2 Stars - Entertaining
It is impossible to discuss “Eagle Eye” without revealing the mystery, so we recommend that you see the film before reading this review if you want to discover the answer on your own. Written by John Glenn and Travis Wright, “Eagle Eye” has an all too familiar theme updated for our post 9/11 world. Due to our fear of terrorist attacks we have created a massive agency to secure our homeland which has powers that also scare us. These interactive fears create the tension and mystery of this D.J. Caruso film.
The central character is Jerry Shaw and his twin brother Ethan (Shia LaBeouf). The lesser of the two brothers, Jerry has been living in the shadow of Ethan his entire life. However Ethan had nothing but love for Jerry.
When Jerry receives a phone call on the day of Ethan’s funeral he enters into a world controlled by Eagle Eye. With a cold practicality that fits her programming to protect America, Eagle Eye is a massive computer that has access to every cell phone, every security camera, every electric device and is listening in on every conversation. Taking over Jerry’s life and compelling him to do things that are not only dangerous but seemingly impossible, Eagle Eye has a plan to save America, even if she has to kill to do so.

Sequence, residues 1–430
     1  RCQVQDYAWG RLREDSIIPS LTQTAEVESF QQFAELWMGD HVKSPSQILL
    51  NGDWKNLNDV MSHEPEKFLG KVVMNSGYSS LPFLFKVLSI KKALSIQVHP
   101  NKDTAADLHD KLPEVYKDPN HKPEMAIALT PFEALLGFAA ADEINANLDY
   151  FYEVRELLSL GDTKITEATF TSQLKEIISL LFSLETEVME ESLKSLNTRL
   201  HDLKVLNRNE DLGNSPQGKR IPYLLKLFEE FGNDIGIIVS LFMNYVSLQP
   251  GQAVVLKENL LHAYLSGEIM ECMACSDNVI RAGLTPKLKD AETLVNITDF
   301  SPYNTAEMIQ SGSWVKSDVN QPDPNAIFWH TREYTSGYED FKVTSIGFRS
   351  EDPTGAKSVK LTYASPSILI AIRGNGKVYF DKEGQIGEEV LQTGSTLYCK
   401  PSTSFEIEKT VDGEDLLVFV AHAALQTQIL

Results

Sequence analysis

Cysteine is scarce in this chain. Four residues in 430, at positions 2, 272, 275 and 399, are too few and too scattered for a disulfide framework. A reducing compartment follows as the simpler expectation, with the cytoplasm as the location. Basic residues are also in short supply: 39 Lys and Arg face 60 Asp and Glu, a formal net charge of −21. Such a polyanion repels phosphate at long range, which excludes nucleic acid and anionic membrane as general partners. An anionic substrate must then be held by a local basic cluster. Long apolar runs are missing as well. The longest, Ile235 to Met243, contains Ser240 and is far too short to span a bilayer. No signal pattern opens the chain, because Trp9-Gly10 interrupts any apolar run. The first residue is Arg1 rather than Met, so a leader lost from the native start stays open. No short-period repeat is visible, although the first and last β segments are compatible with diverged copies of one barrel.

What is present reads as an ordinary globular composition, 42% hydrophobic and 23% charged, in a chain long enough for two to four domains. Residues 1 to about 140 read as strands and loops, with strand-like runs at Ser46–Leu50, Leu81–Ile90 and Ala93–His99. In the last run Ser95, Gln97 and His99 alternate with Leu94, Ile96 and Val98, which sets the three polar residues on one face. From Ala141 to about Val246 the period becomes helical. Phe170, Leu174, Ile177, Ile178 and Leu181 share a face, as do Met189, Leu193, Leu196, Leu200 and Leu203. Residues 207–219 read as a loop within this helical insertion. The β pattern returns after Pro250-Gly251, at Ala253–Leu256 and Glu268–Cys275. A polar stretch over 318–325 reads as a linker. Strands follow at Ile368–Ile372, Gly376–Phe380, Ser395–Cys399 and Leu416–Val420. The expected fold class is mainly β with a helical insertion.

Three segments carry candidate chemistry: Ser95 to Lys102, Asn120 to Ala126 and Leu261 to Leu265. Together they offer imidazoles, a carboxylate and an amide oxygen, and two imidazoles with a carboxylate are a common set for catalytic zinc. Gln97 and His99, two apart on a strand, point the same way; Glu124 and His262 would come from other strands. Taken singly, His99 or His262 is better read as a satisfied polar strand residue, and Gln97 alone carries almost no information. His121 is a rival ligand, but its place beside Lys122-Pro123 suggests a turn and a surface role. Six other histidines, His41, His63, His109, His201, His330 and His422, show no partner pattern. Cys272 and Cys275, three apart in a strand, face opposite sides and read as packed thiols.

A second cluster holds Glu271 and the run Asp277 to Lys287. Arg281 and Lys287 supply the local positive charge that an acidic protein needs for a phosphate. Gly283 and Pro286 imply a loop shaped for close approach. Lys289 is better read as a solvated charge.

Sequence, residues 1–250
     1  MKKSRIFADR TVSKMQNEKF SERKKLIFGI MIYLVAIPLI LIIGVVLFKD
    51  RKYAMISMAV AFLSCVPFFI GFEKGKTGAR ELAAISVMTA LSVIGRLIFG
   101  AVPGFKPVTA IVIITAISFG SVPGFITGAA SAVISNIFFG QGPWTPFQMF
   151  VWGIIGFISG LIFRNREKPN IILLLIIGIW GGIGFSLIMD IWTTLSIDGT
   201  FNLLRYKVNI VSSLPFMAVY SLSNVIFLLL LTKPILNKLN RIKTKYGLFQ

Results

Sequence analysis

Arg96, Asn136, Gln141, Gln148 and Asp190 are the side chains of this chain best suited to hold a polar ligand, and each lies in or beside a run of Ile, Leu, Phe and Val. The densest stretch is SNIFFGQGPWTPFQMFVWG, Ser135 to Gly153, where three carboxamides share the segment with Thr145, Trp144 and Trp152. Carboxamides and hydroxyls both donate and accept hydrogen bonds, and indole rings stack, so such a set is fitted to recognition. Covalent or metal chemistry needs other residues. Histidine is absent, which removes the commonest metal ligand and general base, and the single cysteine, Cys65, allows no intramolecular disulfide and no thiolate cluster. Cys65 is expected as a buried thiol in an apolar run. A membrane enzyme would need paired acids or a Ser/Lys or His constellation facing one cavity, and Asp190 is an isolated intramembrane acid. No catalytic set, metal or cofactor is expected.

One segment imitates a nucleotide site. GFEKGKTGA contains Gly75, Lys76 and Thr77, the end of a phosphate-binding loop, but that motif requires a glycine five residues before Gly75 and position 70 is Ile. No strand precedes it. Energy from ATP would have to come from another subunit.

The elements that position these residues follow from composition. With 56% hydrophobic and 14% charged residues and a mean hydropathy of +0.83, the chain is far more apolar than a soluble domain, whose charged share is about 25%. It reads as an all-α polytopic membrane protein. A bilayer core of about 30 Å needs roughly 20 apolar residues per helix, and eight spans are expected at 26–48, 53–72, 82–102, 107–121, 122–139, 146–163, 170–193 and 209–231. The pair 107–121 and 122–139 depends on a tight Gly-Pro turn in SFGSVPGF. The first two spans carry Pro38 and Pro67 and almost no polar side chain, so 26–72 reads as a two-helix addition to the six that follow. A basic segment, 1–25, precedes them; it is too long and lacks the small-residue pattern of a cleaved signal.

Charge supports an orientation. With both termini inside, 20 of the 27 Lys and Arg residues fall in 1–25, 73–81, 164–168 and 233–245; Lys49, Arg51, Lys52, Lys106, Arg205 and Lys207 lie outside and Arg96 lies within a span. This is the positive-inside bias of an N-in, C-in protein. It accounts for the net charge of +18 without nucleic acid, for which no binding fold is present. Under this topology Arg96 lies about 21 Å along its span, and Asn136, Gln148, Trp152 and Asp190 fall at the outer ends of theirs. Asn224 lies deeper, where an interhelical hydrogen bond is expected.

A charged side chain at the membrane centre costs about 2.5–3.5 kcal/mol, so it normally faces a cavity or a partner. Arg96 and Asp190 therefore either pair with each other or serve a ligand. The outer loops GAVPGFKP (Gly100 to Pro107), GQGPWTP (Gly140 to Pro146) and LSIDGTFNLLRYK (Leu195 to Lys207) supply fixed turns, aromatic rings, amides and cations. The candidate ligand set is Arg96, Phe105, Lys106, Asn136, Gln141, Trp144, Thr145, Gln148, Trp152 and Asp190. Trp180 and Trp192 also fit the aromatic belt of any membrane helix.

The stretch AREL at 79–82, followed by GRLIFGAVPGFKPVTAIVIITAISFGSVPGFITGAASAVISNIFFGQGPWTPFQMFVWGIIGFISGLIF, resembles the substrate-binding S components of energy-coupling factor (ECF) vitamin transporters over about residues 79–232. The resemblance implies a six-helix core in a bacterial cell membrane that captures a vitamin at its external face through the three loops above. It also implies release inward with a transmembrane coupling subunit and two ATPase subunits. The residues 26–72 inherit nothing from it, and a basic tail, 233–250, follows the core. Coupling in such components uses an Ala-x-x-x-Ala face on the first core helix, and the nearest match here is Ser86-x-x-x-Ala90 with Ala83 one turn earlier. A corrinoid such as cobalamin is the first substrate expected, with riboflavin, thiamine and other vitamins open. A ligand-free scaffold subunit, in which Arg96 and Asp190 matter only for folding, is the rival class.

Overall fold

Adding romantic tension to the tale, Eagle Eye has also called up Rachel Holloman (Michelle Monaghan). The mother of a winsome little boy who has been invited to play his trumpet in Washington D.C., Rachel suddenly finds herself having to join Jerry in order to save her son, Sam’s (Cameron Boyce) life.
Without revealing the action of the film, the central message is that our attempts to protect ourselves from one danger could place us in a far more perilous place. When this fear is coupled with our apprehension of what “big brother” is capable of doing in intruding into our privacy, added to a computer that has no soul, you have a tired recipe that is tried and true. “Eagle Eye” presents a common theme of man against machine placed in a new political era. Although intriguing and not a little paranoid, this film has little new to tell us.
The thought that the government can listen in on all of our wireless communication is sobering. Do you believe that we can protect our privacy in an electronic world? If we cannot where do you think all of this will end?
If you had to do what Jerry and Rachel did to save your life would you do it? Would you do so to save the life of your child?
The usual solution to such a struggle between humanity and machine in science fiction films is that humans outsmart the machine. Do you believe there really is a struggle between humans and machines? If so which do you think will really win?